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Community Member

CE-PE Shaping and Policing Best Practice?

Hi,

We have a requirement to shape a 1Gbit CE-PE interface to 150Mbit in order to conform to a provider's CIR.

Would it be advisable to adjust the normal and extended burst values and engage congestion avoidance techniques such as WRED? Does anyone know where I can find the best practice for this type of configuration or would the following be sufficient?

policy-map SHAPE

class class-default

shape average 150000000

interface GigabitEthernet0/0

service-policy output SHAPE

Thanks,

Paul

3 REPLIES
Hall of Fame Super Silver

Re: CE-PE Shaping and Policing Best Practice?

Hello Paul,

your configuration should be enough if you don't need specific differentiated treatment for traffic classes.

If you want to provide for example a LLQ for voice traffic, and you have some premium data classes you should use hierarchical QoS (if supported in your device)

in addition to shape the SHAPE policy-map should invoke a CBWFQ scheduler that becomes the child policy.

example

policy-map SHAPE

class class-default

shape average 150000000

service child_llq

class-map voice

match ip address voice_traffic

class-map critical_data

match ip address critical_data_traffic

police-map child_llq

class voice

priority 4000

class critical_data

bandwidth 20000

class class-default

fair-queue

random-detect

Further tuning is possible for example for WRED thresholds.

see

http://www.cisco.com/en/US/docs/solutions/Enterprise/WAN_and_MAN/ngwane.html

http://www.cisco.com/en/US/docs/solutions/Enterprise/WAN_and_MAN/QoS_SRND/QoS-SRND-Book.html

Hope to help

Giuseppe

Super Bronze

Re: CE-PE Shaping and Policing Best Practice?

Ideally you would want to adjust your shaping parameters to match those of your provider. If these are unknown, using a 10 ms Tc with no excess burst often works well in most cases.

However, one thing to note, shaper's often don't account for L2 Etherenet overhead yet the provider "bandwidth" normally does. What this means is you often need to shape slower than the "nominal" bandwidth (generally 5 to 15% - reason for range, L2 overhad varies based on frame size).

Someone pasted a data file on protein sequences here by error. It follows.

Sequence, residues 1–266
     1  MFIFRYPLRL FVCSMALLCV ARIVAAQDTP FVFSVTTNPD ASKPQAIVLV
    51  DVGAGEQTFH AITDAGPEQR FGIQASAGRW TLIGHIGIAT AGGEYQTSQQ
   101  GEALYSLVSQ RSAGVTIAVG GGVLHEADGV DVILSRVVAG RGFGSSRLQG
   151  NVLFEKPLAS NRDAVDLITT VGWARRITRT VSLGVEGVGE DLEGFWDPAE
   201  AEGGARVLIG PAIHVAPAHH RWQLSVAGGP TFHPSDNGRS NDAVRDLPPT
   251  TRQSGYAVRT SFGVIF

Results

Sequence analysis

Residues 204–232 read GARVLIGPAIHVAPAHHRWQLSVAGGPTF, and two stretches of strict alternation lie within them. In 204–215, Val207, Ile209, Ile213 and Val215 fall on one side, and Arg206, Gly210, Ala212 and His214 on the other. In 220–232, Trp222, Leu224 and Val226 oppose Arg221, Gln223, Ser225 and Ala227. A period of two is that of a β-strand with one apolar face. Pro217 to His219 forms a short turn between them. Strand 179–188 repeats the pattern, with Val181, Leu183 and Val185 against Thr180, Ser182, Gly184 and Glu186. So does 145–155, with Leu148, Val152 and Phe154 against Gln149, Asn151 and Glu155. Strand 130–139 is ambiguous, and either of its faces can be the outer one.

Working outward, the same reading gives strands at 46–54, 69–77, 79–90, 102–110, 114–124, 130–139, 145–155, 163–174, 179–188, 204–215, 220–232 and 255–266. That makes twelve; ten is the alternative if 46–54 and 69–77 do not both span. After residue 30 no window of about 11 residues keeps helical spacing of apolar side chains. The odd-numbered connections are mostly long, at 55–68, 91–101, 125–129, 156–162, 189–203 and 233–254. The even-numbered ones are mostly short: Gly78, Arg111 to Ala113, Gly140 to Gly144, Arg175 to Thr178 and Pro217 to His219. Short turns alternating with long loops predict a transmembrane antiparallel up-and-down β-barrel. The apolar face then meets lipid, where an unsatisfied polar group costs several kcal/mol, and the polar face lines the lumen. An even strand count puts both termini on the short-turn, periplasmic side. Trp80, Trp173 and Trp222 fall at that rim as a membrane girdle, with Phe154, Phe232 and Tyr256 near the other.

WRED can be complex to get "right". What you might try, beyond basic FIFO, is to just insure fair-queue is active. Most IOS shaper's implement WFQ although the later 12.4T versions only provide pure FQ and they also default to FIFO. To insure one of the FQ variants is active, just add "fair-queue" to your class-default class.

Community Member

Re: CE-PE Shaping and Policing Best Practice?

Paul,

You need to find out what settings the SP is using.  Shaping is different on different platforms (3750 metro as example) and shaping is not the same as police.  

The rule of thumb is that you should be at the same Bc/Tc or under value that is used by the SP.   Previously with ATM and Frame, the shape Tc was normally set to 1 second (Bc=CIR) in order to avoid SP drops.  With Ethernet, it seems that providers are trying to implement lower Tc values again.

Be aware that if the carrier is using SIP-400/600's or 3750Metros you could be at risk of not being able to meet the Tc of the provider.  In other words, your 4ms Tc will still allow a microburst that the carrier can/will drop. 

I've attached a presentation that I wrote regarding the topic of shaping in the carrier cloud and how that can be a problem with microbursts of connectionless traffic, such as RTP/video, WLAN/LWAPP, GRE tunneling, IPSec, ...

HTH

--Tim

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